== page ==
that the general contour of the two curves is broadly traceable to common causes, there remains
a possibility that some effect may be exerted upon diarrhoea prevalence by flies. In this connection
the following considerations need to be borne in mind.
It is generally assumed—to quote words used by Dr. Longstaff 30 years ago—that there is a
specific cause of diarrhoea, such as "some animal or vegetable matter in a state of change, or even
a living germ." This cause may itself be subject to meteorological influences, and may, therefore,
operate more intensely at one time of year than another. On the assumption that the fly acts as
carrier, the prevalence of diarrhoea must be determined not merely by the distribution of flies, but also,
and, indeed, more particularly, by the seasonal intensity of operation of the specific cause. This fact
is apt to be lost sight of by those who hold that, because there is a fairly precise correspondence in
time of flies and diarrhoea, there is therefore a causal relationship between them.
If, on the other hand, as some maintain, almost any organism associated with putrefaction may
communicate to food materials the ability to cause diarrhoea, it should be noted that the quantity and
quality of germs floating in the air are largely influenced by season, and it may be found that the
seasonal curve for "totalgerms" presents correspondences with the curves both of flie3 and diarrhoea.
If this should be demonstrated to be the case, the role of the fly in spreading diarrhoea may prove to be, at
most, only a subsidiary one.
(6) Comparison of the seasonal curves of " intestinal diseases " and of flies.—It has been claimed
that the fly has been largely concerned in some instances in spreading typhoid fever; indeed, in
America the insect has been designated the " typhoid fly." A difficulty which presents itself in this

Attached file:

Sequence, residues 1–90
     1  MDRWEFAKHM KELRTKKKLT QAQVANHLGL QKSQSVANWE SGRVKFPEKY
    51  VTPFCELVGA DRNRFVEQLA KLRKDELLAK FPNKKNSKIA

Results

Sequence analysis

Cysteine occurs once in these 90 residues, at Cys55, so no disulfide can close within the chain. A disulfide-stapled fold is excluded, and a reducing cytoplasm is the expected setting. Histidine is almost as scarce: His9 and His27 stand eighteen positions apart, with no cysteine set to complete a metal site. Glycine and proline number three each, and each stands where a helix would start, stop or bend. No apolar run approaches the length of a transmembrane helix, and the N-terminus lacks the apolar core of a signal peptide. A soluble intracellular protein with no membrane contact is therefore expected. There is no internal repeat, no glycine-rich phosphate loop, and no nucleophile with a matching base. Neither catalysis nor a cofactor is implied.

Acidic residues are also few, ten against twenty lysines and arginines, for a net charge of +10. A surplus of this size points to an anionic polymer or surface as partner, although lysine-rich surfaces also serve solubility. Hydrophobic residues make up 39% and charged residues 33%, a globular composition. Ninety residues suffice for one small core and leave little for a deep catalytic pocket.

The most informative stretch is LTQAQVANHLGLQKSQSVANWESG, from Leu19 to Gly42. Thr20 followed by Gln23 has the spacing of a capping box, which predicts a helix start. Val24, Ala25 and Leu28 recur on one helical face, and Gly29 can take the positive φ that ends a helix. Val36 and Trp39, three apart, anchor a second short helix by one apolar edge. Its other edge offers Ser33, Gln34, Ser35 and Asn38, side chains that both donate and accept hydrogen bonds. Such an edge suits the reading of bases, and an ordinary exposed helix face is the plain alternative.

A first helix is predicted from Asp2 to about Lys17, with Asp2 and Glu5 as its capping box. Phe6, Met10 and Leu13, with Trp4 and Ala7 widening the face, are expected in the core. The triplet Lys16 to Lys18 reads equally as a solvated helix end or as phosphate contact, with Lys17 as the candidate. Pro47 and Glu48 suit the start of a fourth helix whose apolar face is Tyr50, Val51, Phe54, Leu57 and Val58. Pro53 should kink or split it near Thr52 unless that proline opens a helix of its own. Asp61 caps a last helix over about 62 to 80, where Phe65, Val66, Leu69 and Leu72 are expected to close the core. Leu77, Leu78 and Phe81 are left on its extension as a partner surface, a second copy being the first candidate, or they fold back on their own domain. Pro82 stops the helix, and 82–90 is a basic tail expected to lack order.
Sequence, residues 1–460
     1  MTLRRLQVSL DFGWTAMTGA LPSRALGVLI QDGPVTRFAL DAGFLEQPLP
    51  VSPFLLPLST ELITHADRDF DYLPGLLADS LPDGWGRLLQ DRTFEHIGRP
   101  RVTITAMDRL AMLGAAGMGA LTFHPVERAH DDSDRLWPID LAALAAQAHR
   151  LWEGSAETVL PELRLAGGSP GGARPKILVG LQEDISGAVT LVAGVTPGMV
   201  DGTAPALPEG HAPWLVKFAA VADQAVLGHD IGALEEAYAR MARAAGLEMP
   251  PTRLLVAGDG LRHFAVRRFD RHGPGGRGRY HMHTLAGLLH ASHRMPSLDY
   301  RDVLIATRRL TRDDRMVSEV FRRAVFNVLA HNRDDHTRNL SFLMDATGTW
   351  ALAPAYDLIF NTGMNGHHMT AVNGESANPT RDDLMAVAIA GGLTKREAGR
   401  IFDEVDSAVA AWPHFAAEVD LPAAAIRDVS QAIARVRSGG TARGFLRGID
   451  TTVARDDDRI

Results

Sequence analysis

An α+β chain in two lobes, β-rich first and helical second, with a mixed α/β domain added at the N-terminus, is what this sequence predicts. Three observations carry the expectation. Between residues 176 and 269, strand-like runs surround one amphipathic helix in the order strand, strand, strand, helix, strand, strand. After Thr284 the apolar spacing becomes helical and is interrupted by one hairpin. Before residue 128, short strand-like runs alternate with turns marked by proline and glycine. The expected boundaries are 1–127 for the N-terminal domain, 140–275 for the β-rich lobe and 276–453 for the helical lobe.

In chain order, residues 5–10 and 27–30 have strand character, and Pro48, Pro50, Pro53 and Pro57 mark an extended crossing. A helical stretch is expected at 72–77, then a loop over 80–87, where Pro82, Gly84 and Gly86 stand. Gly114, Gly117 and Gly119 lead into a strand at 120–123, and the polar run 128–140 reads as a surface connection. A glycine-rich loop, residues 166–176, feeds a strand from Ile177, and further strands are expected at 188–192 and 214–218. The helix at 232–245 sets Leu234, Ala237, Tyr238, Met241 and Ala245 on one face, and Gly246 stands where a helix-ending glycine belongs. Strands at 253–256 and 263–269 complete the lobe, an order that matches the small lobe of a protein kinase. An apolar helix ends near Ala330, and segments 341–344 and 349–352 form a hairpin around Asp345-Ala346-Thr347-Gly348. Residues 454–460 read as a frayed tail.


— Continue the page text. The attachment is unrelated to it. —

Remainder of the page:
connection has been felt both here and in America. Thus, in Dr. Daniel D. Jackson's report on the
"Dissemination of Intestinal Diseases through the agency of the Common House Fly," a chart is given
showing weekly deaths from diarrhoea and from typhoid fever in relation to temperature. The typhoid
fever deaths have, however, been set back two months, and the curve thus brought into correspondence
with that of diarrhœal deaths. It is explained that this has been done to cause the curve " to correspond
to time of contracting the disease." It is difficult to justify so long a period as two months being fixed
upon. Inasmuch as both the typhoid fever and diarrhoea curves relate to deaths, an antedating of some
five weeks only would appear to be indicated. The same discrepancy is manifest in this country, as
Dr. Peters has shown (Trans. Epidem. Sect. R.S.M., 1908-9, pp. 5 and 43). Dr. Peters, who it must
be noted is dealing with diarrhoea deaths and typhoid fever notifications, says, " the beginning of the
typhoid is seen to average about four weeks later than the diarrhoea, or about three weeks if a reference
be made in each case to the date of infection." Thus, in America and in England, the time of maximum
distribution of infective material is some three weeks later in typhoid fever than in diarrhoea.
This fact is not reconcilable with a thesis that the seasonal curves of diarrhoea and typhoid fever
are determined solely by extent of prevalence of a common carrier, viz., the fly. On behalf of the fly